The example test below demonstrates the creation of a multistep API test that monitors the addition of an item to a cart. This test contains three steps:

  • Getting a cart
  • Getting a product
  • Adding the product to the cart

If you don’t know which API endpoints to create your multistep API test on, use the example endpoints below.

To create a new multistep API test, click New Test > Multistep API test. Add a test name such as Add product to cart, include tags, and select locations.

Get a cart

  1. In Define steps, click Create Your First Step.

  2. Add a name to your step, for example: Get a cart.

  3. Specify the HTTP method and the URL you want to query. You can enter POST and https://api.shopist.io/carts.

  4. Click Test URL. This creates a cart item in the Shopist application’s backend.

  5. Leave the default assertions or modify them.

  6. Optionally, define execution parameters.

    Selecting Continue with test if this step fails is helpful to ensure a whole endpoint collection is tested or to ensure the last cleanup step is executed, regardless of previous steps' success or failure. The Retry step feature is handy in situations where you know your API endpoint may take some time before responding.

    In this example, no specific execution parameter is needed.

  7. To create a variable out of the value of the cart ID located at the end of the location header:

    • Click Extract a variable from response content.
    • Name your variable as CART_ID.
    • In the Response Header, select location.
    • In the Parsing Regex field, add a regular expression such as (?:[^\\/](?!(\\|/)))+$.
  1. Click Save Variable.
  2. When you’re done creating this test step, click Save Step.

Get a product

  1. In Define another step, click Add Another Step. By default, you can create up to ten steps.
  2. Add a name to your step, for example: Get a product.
  3. Specify the HTTP method and the URL you want to query. Here, you can add: GET and https://api.shopist.io/products.json.
  4. Click Test URL. This retrieves a list of products available in the Shopist application.
  5. Leave the default assertions or modify them.
  6. Optionally, define execution parameters. In this example, no specific execution parameter is needed.
  7. To create a variable out of the product ID located in the response body:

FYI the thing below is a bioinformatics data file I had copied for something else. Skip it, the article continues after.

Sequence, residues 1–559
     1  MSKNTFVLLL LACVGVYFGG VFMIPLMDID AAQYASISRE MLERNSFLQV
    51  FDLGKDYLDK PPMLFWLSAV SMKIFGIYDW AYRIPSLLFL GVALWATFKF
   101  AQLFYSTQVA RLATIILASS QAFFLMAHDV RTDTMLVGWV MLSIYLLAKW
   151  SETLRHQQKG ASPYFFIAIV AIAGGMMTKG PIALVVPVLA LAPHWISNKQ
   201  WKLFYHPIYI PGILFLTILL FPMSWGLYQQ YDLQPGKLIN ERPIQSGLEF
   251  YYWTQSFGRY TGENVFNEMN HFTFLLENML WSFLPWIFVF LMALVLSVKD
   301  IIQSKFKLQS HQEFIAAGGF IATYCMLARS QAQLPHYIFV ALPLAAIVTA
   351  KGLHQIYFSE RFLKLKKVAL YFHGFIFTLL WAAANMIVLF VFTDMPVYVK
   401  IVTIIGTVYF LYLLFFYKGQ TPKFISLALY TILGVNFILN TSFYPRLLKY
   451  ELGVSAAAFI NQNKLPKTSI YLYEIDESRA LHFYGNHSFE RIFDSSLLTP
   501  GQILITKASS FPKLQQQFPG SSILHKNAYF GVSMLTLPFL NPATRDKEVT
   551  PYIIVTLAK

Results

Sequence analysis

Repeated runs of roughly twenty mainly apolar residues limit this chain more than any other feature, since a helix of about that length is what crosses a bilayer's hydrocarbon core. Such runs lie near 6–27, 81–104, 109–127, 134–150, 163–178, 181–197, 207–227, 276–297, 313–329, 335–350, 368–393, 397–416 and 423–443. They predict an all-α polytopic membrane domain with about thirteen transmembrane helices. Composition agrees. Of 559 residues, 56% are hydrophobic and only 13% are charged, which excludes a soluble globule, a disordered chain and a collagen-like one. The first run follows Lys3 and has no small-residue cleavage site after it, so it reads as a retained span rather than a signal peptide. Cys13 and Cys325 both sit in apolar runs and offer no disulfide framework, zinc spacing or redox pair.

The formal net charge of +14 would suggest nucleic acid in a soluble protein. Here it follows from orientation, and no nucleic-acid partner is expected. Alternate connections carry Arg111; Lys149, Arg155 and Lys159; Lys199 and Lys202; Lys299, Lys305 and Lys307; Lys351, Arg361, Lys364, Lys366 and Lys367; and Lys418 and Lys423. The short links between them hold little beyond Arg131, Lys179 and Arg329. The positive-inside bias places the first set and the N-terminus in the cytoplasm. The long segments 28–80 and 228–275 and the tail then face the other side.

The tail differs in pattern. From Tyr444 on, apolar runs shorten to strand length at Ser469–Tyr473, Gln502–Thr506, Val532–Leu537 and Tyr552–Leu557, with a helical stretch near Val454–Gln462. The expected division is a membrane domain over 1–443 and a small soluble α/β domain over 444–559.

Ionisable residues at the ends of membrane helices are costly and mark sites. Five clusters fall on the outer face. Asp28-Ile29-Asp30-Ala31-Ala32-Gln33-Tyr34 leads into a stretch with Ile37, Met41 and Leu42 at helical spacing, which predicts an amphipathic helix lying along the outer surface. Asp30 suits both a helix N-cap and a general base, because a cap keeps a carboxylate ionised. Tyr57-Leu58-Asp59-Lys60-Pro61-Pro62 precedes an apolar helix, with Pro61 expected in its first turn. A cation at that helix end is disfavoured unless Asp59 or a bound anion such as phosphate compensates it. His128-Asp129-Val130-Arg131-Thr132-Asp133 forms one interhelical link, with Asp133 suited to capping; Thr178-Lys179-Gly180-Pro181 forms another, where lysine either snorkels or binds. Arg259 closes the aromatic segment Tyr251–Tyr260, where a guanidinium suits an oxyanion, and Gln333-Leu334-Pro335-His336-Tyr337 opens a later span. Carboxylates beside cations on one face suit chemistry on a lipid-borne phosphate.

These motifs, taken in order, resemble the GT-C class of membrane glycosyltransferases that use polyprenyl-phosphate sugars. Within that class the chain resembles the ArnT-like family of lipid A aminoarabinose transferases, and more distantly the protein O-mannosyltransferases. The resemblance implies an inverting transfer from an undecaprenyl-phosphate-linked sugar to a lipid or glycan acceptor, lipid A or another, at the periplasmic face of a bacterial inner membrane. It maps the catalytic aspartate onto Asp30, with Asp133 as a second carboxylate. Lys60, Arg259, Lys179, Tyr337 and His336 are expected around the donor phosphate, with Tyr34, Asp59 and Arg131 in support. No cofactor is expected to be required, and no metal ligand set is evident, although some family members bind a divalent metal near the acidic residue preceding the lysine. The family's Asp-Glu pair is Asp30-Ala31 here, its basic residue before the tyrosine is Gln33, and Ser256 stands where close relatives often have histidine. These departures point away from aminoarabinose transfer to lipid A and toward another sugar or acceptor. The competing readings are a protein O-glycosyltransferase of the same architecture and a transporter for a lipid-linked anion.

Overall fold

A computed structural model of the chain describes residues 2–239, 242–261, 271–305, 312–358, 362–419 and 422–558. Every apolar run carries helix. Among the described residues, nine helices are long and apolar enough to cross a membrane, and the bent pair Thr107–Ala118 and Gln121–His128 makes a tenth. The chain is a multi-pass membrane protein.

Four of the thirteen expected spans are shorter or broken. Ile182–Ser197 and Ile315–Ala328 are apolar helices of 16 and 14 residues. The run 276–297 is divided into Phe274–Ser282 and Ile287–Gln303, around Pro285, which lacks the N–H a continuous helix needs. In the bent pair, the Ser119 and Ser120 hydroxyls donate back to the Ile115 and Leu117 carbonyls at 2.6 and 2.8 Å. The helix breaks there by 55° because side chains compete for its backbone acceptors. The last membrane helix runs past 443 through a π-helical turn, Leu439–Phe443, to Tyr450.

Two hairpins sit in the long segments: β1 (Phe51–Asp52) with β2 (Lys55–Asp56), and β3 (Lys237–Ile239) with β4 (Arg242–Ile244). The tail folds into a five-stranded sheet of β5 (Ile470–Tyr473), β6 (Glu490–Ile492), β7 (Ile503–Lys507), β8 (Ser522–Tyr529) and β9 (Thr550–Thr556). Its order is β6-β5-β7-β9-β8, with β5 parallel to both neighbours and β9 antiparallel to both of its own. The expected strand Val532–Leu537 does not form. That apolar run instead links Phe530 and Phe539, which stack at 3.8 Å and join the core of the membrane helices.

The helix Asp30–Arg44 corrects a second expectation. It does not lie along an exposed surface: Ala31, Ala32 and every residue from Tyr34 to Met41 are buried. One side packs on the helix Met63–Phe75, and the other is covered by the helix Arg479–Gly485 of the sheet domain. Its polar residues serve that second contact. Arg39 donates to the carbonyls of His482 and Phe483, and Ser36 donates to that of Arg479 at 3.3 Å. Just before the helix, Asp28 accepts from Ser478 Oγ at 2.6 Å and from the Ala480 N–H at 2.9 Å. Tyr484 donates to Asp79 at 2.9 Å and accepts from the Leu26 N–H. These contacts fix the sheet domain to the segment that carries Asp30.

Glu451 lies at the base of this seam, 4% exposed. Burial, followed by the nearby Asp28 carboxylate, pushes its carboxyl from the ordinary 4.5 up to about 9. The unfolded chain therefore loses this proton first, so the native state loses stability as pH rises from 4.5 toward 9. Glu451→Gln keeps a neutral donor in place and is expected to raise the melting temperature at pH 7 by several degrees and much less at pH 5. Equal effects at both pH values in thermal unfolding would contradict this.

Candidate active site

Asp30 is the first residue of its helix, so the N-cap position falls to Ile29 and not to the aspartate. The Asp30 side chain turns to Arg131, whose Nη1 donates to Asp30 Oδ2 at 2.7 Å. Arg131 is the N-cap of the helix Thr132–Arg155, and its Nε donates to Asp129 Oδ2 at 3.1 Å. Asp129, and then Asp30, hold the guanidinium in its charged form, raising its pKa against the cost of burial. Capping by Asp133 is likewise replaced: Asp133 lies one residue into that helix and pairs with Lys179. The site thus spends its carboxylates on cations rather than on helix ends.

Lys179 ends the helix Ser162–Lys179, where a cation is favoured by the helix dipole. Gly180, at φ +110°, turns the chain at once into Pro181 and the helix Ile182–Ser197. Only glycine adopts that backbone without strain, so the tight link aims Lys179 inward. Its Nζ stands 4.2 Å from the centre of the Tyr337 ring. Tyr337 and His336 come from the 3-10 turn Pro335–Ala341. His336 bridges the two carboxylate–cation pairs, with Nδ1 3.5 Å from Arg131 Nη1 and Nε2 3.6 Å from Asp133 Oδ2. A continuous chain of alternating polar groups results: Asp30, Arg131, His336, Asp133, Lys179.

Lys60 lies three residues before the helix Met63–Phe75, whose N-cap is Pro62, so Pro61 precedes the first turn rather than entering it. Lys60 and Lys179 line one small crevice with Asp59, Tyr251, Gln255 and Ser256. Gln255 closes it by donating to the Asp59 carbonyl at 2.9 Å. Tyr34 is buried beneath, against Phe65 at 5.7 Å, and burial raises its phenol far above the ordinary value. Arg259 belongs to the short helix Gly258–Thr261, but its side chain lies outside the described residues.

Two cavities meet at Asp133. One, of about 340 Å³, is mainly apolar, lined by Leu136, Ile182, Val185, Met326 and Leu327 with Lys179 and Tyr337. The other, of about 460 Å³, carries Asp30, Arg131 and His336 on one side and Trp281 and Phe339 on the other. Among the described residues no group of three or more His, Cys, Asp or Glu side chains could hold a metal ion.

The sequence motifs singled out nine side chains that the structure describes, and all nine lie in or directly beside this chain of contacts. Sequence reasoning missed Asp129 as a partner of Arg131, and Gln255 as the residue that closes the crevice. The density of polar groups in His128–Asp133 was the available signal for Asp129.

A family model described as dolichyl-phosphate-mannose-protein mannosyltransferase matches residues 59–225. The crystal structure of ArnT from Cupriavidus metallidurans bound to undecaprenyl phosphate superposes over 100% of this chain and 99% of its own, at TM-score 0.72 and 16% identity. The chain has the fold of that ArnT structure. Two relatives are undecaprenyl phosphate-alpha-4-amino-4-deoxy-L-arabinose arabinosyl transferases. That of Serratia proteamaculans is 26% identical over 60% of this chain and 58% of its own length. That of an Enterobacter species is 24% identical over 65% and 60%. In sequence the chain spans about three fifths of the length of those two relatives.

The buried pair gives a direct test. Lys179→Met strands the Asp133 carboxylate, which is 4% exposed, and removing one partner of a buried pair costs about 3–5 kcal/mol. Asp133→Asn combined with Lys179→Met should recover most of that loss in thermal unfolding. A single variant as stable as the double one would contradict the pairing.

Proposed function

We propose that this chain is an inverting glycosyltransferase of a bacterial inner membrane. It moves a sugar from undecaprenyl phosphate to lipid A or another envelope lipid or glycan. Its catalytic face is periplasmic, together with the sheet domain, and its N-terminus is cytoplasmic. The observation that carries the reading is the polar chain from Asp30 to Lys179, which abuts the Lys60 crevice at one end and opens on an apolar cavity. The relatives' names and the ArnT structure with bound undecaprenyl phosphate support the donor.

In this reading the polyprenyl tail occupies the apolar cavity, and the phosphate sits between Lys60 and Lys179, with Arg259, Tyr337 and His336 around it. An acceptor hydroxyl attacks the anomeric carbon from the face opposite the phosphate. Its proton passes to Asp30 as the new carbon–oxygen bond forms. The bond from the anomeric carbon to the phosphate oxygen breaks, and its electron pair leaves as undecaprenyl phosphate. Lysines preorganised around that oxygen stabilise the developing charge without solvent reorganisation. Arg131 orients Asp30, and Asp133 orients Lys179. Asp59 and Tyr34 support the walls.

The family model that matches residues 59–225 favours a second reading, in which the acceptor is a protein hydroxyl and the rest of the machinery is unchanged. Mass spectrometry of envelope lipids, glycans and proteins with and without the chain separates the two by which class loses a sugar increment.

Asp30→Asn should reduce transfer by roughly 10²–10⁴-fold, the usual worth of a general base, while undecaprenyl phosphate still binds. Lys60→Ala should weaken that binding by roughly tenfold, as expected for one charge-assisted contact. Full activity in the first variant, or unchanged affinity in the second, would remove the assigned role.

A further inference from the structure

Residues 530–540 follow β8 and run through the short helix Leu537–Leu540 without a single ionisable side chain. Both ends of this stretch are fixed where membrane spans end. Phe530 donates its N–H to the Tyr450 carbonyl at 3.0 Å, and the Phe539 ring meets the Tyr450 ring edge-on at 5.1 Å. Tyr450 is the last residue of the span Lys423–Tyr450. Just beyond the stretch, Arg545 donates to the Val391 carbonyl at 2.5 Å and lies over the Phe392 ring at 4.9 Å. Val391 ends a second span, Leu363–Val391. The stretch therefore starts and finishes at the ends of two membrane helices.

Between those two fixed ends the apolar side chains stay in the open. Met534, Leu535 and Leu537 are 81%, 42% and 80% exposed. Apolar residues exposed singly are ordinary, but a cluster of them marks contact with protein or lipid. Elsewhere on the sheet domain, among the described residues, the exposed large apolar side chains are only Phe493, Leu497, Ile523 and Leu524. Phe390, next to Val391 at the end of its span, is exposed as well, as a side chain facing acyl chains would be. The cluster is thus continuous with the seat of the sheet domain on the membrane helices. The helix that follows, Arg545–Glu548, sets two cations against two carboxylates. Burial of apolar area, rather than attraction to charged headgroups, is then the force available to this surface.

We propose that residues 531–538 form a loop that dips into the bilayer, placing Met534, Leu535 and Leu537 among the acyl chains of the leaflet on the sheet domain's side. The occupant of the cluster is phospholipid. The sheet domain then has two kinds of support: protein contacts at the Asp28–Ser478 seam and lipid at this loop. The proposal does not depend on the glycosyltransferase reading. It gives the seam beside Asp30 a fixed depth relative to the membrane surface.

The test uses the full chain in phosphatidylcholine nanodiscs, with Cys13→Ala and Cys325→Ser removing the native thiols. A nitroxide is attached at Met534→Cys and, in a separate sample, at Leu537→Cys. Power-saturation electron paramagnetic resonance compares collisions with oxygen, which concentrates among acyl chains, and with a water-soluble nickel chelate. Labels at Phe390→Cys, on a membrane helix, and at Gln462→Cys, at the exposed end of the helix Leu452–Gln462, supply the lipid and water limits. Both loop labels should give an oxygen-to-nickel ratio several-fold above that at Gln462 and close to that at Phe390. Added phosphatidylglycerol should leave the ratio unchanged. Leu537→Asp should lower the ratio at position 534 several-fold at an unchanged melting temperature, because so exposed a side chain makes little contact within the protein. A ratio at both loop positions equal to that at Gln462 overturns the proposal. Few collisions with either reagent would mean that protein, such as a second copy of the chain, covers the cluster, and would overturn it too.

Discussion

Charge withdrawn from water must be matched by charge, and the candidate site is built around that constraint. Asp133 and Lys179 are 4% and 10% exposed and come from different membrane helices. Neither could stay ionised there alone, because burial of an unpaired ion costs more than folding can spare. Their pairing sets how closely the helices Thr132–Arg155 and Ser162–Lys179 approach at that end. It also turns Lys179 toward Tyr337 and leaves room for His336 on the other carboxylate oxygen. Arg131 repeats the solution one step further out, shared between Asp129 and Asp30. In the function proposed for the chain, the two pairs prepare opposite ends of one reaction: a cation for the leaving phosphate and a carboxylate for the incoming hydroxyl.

• Click Extract a variable from response content
    • Name your variable as PRODUCT_ID.
    • Click the Response Body tab.
    • Click on the $oid key of any product to generate a JSON Path such as $[0].id['$oid'].
  8. Click Save Variable.
  9. When you’re done creating this test step, click Save Step.

Add product to cart

  1. Click Add Another Step to add the final step, the addition of a product into your cart.

  2. Add a name to your step, for example: Add product to cart.

  3. Specify the HTTP method and the URL you want to query. Here, you can add: POST and https://api.shopist.io/add_item.json.

  4. In the Request Body tab, choose the application/json body type and insert the following:

        {
          "cart_item": {
            "product_id": "{{ PRODUCT_ID }}",
            "amount_paid": 500,
            "quantity": 1
          },
          "cart_id": "{{ CART_ID }}"
        } 
        
  5. Click Test URL. This adds the product you extracted in Step 2 to the cart you created in Step 1 and returns a checkout URL.

  6. In Add assertions (optional), click Response Body and click the url key to have your test assert that the journey finished with a response containing the checkout URL.

  7. No execution parameters and variable extractions are needed in this last step.

  8. When you’re done creating this test step, click Save Step.

You can then configure the rest of your test conditions including test frequency, alerting conditions, and alert message. When you’re ready to run your test, click Save Test.

Look at test results

The API test and Multistep API test detail pages display an overview of the test configuration, the global uptime associated with the tested endpoints by location, graphs about response time and network timings, and a list of test results and events.

To troubleshoot a failed test, scroll down to Test Results and click on a failing test result. Review failed assertions and response details such as status code, response time, and associated headers and body to diagnose the issue.

With Datadog’s APM integration with Synthetic Monitoring, access the root cause of a failed test run by looking at the trace generated from the test run in the Traces tab.

Further Reading